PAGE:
Back to Chilli peppers

Naga Jolokia

Almost the hottest!

Directly to...
EAT ME Naga Jalokia Product photo

For a long time, the Naga Jolokia had the 'honour’ of being the world's hottest pepper. Its heat has now been exceeded by even spicier specimens on sale, but it is still a pepper to be respected in the kitchen. Our own EAT ME hot scale, which expresses the hotness on a scale of 0-10, the Naga Jolokia can still boast a score of 10. So this modest pepper packs a real punch. How much? You have to dilute one drop of this pepper extract with a million drops before you longer taste its hotness!

The Naga Jolokia originates from the north-east of India. It has a hint of a citrus accent. This pepper is mainly used in chillies and curries. Don't be deceived by its appearance, what this pepper with its wrinkled skin lacks in size is more than made up for in flavour.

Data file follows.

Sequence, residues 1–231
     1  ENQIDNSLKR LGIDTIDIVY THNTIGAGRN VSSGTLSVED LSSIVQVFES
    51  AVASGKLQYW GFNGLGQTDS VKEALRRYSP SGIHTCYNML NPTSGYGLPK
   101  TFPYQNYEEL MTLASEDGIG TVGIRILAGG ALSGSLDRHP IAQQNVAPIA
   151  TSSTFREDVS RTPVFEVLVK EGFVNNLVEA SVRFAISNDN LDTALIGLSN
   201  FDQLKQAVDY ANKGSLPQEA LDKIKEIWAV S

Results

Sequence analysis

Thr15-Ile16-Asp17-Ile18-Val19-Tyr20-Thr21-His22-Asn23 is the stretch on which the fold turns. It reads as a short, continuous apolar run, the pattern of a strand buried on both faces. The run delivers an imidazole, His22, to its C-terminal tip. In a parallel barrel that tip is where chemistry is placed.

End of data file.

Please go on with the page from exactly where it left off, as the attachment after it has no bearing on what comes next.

Recipes with naga jolokia

The EAT ME Naga Jolokia is mainly used to add spice to dishes. And, with a pepper that scores a 10 on the hot scale, caution is advised. This pepper really shines in a spicy chicken salad. And Naga Jolokia comes into its own in spicy mini spring rolls.


Simply wash the pepper first, then finely slice or chop it. Removing the seeds and membranes is also a good idea to temper its spiciness. To avoid too much skin irritation when slicing the pepper, rub your hands with some oil beforehand. After preparation, wash your hands thoroughly with soap and do not rub your eyes.

How to use naga jolokia in the kitchen?

  • Cooking
  • Baking
  • Stir-fry

Storage advice

Naga Jolokia keeps well in the fridge.

Where do Naga Jolokia peppers come from?

EAT ME Naga Jolokia peppers are grown in exotic countries such as Senegal and Mozambique. But we do not always have to source them from so far away: they are also grown in Spain and even in the Netherlands. The peppers start life as seeds. These are raised to create small plants by propagators. Once they are about 40 cm high, the plants are transferred to pots or stone wool slabs for further growth in the field or the greenhouse. After about 6-8 weeks, the harvest can start. The peppers are orange red at this stage.